Drinking Alcohol Makes Coronavirus Worse, According To Study

Drinking Alcohol Can Make You More Vulnerable To Coronavirus, According To WHO

Put down the beer, stat.
PHOTO: istockphoto

Sorry to ruin a part of your quarantine routine, but science says drinking alcohol can actually make coronavirus worse. So, you better save your stash for later when this pandemic is over.

According to the World Health Organization (WHO)—contrary to "news" spreading online—alcohol doesn't protect against COVID-19. In fact, the organization wants alcohol access to be restricted during the duration of the pandemic.

"Alcohol consumption is associated with a range of communicable and noncommunicable diseases and mental health disorders, which can make a person more vulnerable to COVID-19," the WHO says. "In particular, alcohol compromises the body's immune system and increases the risk of adverse health outcomes. Therefore, people should minimize their alcohol consumption at any time, and particularly during the COVID-19 pandemic."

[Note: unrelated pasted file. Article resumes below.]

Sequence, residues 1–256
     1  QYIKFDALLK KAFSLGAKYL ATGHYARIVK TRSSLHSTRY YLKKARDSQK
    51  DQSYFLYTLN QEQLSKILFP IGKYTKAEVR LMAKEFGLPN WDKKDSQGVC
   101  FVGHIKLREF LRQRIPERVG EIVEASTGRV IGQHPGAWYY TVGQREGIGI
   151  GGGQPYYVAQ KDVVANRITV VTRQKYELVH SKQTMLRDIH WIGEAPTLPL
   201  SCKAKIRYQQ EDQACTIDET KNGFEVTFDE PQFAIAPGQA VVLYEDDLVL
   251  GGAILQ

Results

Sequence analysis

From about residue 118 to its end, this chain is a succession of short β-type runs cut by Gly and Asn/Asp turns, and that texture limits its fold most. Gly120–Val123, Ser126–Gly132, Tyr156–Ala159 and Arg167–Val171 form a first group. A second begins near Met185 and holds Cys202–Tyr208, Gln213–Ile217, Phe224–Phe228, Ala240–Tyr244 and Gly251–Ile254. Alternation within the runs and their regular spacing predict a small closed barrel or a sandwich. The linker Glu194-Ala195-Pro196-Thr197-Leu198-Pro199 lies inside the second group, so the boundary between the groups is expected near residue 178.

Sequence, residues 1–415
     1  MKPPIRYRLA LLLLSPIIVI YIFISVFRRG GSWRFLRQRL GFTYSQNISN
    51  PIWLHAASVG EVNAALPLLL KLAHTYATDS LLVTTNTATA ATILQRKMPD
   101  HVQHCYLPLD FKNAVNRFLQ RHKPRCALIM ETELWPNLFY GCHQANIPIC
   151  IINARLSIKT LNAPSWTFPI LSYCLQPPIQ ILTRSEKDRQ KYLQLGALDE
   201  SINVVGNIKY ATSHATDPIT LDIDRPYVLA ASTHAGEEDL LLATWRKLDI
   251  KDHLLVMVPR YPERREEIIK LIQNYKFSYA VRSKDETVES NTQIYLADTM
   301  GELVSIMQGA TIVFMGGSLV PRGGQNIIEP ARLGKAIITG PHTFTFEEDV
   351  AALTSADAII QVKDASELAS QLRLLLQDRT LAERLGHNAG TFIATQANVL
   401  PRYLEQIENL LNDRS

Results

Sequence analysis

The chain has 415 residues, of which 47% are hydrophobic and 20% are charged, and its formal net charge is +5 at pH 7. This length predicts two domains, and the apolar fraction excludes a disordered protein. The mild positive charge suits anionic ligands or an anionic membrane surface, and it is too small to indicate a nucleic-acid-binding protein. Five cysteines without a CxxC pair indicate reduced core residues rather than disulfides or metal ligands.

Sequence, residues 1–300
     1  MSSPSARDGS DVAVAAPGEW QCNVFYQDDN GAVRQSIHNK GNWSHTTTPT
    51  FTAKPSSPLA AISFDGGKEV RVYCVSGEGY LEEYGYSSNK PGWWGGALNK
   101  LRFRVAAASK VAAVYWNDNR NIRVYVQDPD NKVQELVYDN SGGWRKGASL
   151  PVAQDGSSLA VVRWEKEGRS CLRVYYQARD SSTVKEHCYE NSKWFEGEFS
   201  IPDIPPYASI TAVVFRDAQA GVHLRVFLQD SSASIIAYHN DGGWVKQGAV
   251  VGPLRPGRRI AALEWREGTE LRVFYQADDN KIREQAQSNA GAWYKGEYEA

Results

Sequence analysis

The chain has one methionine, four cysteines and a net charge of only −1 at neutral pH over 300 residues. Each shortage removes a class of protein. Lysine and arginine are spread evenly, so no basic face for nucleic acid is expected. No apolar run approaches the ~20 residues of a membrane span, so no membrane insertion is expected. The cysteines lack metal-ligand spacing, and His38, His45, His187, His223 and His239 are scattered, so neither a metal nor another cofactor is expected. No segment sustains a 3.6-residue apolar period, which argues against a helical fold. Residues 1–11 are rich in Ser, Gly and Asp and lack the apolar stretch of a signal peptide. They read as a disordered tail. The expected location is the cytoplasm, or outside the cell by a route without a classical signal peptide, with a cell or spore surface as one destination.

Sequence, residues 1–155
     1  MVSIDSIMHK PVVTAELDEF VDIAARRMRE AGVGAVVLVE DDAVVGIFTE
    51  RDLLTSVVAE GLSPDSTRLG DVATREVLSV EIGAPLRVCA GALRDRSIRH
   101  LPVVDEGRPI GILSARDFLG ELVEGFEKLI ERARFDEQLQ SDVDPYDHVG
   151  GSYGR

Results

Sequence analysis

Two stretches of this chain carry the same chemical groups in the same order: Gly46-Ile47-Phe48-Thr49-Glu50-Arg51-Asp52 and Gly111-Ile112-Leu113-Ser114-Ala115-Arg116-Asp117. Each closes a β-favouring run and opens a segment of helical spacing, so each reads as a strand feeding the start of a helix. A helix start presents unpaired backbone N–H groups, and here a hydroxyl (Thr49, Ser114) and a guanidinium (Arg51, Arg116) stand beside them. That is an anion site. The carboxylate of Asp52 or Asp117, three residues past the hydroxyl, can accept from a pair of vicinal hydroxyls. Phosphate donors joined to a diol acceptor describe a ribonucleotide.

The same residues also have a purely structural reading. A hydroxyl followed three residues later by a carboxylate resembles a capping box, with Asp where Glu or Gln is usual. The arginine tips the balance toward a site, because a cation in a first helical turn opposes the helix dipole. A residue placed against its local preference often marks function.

The WHO further advises those who are mentally at risk and vulnerable during self-isolation to avoid alcohol, adding that alcohol is responsible for three million deaths a year worldwide.

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"Alcohol is consumed in excessive quantities in the European region and leaves too many victims. During the COVID-19 pandemic, we should really ask ourselves what risks we are taking in leaving people under lockdown in their homes with a substance that is harmful both in terms of their health and the effects of their behavior on others, including violence," WHO program manager Carina Ferreira-Borges says.

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Suffice to say, now is not the time to hold virtual drinking parties.

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